next-gen iPad unveiling this week, Apple flashed up a slide claiming that the iPad 2 was 2x as fast as Nvidia's Tegra 3, while the new iPad would be 4x more powerful than Team Green's best tablet. Nvidia's response, delivered by spokesperson Ken Brown, boils down to "Hey guys, it's flattering to be compared to you, but how about a little data on which tests you ran and how you crunched the numbers?"
Nvidia is absolutely right to call Apple out on the meaningless nature of such a comparison, and the company is likely feeling a bit dogpiled given that TI was waving unverified
webpage benchmarks around less than two weeks ago. Both claimed sets of results are equally invalid, but there's a difference -- Apple's percentages may be bogus, but even the iPad 2's GPU is significantly
faster than Tegra 3's -- depending on which tests you pick and what resolution you run them at. The tussle between Apple and Nvidia may seem new, but it has its roots in history.
An Old Rivalry Reborn -
For a brief period of time after the demise of 3dfx, it looked as though the two-way race between Nvidia and ATI might include a third player: PowerVR. The company marketed a line of video cards under the "Kyro" brand. Kyro's claim to fame was its highly efficient rendering approach; the card's used tile-based rendering to dramatically reduce overdraw (meaning the amount of time the GPU spends drawing and shading pixels that are never displayed). Although its GPUs were much less powerful than the competition's on paper, the Kyro and Kyro II were surprisingly effective in real-world benchmarks.
The Hercules Prophet II - PowerVR Driven
Unfortunately for PowerVR, the market was already moving towards Nvidia/ATI-style hardware transform and lighting (something Kyro lacked). Teams Red and Green both adopted features that improved rendering efficiency, available RAM bandwidth continued to leap upwards, and PowerVR's approach to rendering was left behind...until the smartphone boom.
The Imagination Technologies' GPUs built into the iPad 2 and iPad..whatever both utilize tile-based rendering. In some ways, 2012 is a repeat of 2001 -- memory bandwidth is at an absolute premium because adding more bandwidth has a direct impact on power consumption. The GPU inside Tegra 2 and Tegra 3 is a traditional chip, which means its subject to significant overdraw. Adding to the problem is the fact that Tegra 3 islimited to a single 32-bit memory channel.How much this limits T3 performance is unclear, but higher resolutions would be more prone to bottlenecks than lower ones.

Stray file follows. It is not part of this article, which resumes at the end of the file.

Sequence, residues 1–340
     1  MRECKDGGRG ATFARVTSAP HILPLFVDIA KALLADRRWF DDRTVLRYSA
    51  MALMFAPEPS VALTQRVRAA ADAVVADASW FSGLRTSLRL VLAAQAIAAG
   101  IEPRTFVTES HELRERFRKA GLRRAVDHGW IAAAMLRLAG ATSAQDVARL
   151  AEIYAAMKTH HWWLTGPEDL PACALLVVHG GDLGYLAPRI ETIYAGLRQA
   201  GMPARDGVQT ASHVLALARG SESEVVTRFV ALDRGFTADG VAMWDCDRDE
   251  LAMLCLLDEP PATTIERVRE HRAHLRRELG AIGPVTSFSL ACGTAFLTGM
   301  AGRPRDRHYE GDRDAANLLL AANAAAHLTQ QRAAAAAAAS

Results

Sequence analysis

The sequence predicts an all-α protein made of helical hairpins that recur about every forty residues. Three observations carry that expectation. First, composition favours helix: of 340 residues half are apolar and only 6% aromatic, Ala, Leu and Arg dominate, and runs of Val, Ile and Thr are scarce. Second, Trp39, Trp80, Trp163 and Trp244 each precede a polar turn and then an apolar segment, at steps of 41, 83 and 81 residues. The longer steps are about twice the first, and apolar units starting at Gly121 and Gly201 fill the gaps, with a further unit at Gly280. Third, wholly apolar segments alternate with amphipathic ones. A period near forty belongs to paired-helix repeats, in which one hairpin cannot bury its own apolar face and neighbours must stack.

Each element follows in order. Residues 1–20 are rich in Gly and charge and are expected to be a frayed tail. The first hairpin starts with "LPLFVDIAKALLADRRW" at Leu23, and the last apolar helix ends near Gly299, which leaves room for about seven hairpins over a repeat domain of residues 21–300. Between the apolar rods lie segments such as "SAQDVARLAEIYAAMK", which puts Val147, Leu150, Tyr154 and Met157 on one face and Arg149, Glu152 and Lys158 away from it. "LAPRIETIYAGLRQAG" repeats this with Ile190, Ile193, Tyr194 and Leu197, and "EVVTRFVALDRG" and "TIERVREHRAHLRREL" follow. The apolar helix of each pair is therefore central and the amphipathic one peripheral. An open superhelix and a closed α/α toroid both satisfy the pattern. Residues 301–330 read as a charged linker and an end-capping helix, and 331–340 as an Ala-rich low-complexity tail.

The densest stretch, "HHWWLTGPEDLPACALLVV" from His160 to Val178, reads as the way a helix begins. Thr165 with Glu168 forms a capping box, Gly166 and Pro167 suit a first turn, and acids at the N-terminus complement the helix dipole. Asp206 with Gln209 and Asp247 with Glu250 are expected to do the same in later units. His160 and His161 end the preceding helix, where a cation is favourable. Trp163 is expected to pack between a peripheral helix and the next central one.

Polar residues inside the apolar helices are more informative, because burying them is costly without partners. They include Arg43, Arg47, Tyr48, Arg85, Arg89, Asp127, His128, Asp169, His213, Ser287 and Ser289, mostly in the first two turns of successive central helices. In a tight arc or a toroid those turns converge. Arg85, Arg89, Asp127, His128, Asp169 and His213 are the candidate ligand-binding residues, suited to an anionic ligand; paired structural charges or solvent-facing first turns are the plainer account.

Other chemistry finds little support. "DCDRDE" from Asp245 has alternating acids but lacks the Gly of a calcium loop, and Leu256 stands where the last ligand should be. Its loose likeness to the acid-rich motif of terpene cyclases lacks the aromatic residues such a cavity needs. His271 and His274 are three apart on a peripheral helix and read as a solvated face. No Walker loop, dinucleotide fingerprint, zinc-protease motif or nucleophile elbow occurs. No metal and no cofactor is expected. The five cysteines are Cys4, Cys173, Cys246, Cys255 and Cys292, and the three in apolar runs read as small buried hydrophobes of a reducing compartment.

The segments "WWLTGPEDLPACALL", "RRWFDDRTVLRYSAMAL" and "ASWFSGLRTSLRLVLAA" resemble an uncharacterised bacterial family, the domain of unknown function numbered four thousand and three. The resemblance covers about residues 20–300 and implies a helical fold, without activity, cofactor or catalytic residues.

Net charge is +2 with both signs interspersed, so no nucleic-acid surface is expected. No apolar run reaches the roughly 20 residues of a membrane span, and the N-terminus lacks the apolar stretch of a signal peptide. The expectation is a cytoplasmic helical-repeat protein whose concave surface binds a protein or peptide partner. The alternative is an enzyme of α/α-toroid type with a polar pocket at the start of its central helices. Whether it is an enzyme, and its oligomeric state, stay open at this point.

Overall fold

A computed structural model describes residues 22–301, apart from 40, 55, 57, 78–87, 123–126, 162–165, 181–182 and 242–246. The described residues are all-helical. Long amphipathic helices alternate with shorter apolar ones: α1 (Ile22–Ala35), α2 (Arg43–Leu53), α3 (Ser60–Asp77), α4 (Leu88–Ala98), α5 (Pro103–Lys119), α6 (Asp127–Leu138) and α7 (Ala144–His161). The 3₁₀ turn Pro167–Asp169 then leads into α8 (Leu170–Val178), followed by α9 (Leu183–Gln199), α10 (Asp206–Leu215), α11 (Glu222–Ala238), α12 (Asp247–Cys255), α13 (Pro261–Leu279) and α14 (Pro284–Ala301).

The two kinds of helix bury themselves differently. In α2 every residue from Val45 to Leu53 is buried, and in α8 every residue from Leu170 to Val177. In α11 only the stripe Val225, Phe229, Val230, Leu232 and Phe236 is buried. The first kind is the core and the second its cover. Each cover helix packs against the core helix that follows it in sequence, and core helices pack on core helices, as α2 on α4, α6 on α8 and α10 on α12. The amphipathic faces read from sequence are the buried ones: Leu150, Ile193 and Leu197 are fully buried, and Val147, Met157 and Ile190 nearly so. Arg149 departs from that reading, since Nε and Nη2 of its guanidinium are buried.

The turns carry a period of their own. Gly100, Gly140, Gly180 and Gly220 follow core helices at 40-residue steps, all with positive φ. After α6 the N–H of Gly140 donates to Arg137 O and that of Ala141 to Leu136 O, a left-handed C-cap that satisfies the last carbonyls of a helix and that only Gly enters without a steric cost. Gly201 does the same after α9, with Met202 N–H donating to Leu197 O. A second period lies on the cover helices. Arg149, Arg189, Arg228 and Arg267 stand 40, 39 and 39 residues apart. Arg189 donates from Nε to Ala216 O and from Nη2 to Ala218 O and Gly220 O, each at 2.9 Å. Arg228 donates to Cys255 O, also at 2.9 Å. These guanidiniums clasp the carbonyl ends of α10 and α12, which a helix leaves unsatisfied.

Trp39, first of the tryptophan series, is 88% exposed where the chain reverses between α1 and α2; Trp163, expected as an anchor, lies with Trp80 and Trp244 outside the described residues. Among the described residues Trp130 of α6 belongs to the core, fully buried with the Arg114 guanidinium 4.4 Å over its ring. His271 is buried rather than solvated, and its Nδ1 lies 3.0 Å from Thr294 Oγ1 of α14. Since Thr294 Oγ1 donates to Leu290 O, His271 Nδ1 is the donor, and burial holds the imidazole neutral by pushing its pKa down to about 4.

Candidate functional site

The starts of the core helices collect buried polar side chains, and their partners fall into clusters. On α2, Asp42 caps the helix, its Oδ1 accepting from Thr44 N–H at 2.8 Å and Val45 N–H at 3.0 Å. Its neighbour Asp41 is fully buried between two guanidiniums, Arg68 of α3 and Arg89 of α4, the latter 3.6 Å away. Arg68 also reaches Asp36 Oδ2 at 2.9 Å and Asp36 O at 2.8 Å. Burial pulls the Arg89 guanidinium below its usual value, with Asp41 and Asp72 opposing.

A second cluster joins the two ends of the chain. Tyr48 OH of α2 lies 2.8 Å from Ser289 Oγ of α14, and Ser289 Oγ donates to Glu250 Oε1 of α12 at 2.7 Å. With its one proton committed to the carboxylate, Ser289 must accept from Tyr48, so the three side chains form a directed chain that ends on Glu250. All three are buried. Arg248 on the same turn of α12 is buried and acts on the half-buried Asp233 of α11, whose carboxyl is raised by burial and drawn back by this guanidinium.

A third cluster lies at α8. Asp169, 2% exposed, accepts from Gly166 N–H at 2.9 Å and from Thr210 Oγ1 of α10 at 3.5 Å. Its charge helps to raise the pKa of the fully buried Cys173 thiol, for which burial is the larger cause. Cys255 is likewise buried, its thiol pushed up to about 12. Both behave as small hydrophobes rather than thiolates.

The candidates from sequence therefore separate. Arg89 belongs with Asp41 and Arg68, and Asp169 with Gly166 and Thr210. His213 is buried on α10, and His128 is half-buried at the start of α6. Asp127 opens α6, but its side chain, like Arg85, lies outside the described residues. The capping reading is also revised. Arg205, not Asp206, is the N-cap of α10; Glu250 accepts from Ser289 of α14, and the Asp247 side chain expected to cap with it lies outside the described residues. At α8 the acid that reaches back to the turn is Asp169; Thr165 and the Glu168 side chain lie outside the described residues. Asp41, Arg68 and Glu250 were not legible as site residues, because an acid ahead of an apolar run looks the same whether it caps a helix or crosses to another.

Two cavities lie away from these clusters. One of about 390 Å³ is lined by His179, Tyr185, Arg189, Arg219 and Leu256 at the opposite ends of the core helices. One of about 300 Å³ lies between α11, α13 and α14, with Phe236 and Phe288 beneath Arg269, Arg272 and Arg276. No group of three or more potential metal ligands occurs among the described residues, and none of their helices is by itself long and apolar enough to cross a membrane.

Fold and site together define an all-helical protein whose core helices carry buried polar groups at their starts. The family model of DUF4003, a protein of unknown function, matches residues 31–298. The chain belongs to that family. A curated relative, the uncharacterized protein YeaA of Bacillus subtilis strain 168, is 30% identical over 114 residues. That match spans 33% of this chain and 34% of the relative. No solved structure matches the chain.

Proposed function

Given that the iPad...Whatever uses a resolution of 2048x1536, it'd scarcely be difficult for Apple to choke Nvidia's GPU just by forcing it to run at that resolution. The Transformer Prime's 1280x800 resolution works out to 960,000 pixels -- the next-generation iPad displays 3,145,728 pixels. That's more than 3x as many; those of you who've been around awhile may recall the days when memory bandwidth limitations left GPUs slamming into brick walls at higher resolutions.
Apple's comparisons are bogus, but the T3 bandwidth issue they indirectly point to may not be. Tegra 3 came at an inconvenient time for NV as far as what ARM designs were ready to go; it's largely a stop-gap until the Cortex-A15 and 28nm manufacturing are more mature. At present, Asus is the only company shipping Tegra 3 hardware, though that should change next quarter. LG is expected to launch a quad-core Optimus 4X phone in Q2, while Fujitsu, ZTE, Tianyu, and HTC showed off devices at Mobile World Congress.
-- Article updated to reference other Tegra 3 phones announced at MWC.